The Facts About CWD From One Of The World's Leading Experts

Lately there has been some conflicting information on CWD being reported in the media. This includes statements such as "little is known about CWD" or "we don't know how CWD is spread." The following is a response to a WDHA inquiry about the current state of knowledge on CWD. This was written by Professor Val Geist from the University of Calgary, who is considered one of the world's leading experts on CWD.

March 28, 2002

Dear Mr. Toso,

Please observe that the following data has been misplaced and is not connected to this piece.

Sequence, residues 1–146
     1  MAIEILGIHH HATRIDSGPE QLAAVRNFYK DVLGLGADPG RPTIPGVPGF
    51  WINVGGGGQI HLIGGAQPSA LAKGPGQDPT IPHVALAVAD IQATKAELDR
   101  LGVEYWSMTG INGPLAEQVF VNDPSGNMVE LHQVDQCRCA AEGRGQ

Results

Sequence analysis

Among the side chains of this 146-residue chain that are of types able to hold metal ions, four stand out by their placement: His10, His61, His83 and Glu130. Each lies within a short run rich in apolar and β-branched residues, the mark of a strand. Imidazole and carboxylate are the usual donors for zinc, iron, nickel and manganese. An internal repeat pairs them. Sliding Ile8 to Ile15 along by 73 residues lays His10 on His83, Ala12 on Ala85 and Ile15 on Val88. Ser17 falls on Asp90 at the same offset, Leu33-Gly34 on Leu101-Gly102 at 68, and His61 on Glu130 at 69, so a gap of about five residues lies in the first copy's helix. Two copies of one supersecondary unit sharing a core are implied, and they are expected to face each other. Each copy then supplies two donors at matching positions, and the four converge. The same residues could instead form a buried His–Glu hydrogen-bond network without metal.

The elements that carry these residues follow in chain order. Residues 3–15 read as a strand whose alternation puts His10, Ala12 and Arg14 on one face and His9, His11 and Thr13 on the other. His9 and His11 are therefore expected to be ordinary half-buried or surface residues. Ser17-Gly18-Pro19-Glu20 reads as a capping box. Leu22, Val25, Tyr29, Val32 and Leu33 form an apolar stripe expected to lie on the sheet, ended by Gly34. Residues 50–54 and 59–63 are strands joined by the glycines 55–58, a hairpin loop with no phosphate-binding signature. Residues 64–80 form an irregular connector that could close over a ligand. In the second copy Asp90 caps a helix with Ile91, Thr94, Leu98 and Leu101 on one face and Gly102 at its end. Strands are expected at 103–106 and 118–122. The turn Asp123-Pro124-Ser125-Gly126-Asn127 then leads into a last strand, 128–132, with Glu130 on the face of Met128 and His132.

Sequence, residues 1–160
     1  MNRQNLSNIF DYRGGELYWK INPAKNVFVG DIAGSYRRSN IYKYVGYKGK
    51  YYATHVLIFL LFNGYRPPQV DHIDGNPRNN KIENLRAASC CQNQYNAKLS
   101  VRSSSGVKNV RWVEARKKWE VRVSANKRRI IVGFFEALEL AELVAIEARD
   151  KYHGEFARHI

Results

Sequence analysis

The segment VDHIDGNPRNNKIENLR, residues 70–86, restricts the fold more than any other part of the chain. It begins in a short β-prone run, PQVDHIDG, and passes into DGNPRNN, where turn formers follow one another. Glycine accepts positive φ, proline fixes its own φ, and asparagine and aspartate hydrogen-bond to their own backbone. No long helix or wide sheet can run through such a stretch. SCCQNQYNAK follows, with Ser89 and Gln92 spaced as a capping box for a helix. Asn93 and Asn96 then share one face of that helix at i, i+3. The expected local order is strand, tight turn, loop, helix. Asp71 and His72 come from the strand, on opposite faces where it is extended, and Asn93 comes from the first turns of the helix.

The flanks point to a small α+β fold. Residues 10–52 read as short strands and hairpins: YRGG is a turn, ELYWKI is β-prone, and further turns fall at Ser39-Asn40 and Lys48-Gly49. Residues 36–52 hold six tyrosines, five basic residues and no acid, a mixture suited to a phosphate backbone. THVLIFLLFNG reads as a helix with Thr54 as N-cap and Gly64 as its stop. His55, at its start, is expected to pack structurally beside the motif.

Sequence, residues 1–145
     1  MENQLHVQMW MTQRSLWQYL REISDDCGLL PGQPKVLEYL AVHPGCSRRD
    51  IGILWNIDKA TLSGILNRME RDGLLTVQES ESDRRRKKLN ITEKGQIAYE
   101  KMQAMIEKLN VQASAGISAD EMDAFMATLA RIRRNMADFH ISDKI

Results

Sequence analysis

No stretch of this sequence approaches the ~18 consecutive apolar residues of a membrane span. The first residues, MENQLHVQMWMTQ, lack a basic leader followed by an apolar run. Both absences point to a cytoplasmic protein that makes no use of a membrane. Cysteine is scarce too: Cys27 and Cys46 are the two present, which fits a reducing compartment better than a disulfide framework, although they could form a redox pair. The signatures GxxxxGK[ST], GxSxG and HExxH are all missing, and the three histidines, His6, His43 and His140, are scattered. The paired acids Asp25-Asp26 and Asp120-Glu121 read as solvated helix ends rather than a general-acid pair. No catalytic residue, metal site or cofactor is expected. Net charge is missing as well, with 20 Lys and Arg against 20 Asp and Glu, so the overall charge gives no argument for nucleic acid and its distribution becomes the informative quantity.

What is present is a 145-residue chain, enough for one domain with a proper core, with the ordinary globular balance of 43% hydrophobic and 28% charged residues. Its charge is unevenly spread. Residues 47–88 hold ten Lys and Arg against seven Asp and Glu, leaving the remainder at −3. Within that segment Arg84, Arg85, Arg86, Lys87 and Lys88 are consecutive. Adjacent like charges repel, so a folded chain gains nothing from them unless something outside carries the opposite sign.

I shall comment on the CWD issues that concern you, but before I do so you need to be aware of my qualifications and motives. My narrow field of scientific expertise is the behavior, ecology and evolutionary history of cloven-hoofed mammals, the deer and bovid family in particular. I also have some expertise in and have taught and published on wildlife conservation policy and management. I became aware of CWD as a potential conservation problem for free-living cervids very early after its discovery. I have had some time to get to know it. I have followed the European BSE controversy closely, having the advantage of reading and speaking German and thus having access to not only scholarly writings but the excellent investigative reporting of Germany's foremost weekly, DER SPIEGEL, which has displayed a consistent and very informed interest in the mad cow issue. I know the foremost of our American researchers into CWD and have had contacts with them, and have been with them in common court cases. I have published on the matter of CWD in relation to game farming and its policy implications in the second chapter of Geist, V. and I. McTaggart Cowan (eds.1995) Wildlife Conservation Policy. (Detselig, Calgary. You may call Mr. Ted Giles, the publisher, at 403-283-0900 to obtain a copy, unless such is in a university library close by. This book is not unimportant in current context). Precisely because I have an understanding of what free-living deer do and where they do it, I can see and discuss links to CWD research, and come to insights foreclosed to veterinarians who deal with deer in captivity. Moreover, both agricultural and wildlife veterinarians have currently very much at stake, and their pronouncements are - unfortunately - colored by their fears and occasionally by crucial misjudgments. Unless veracity is practiced I am afraid that we as scientists may be branded as scoundrels, as DER SPIEGEL did with those that handled the PR on BSE in England. Let me state from the outset, CWD can be defeated and eradicated. However, whether the cure is palatable to all concerned, is another matter.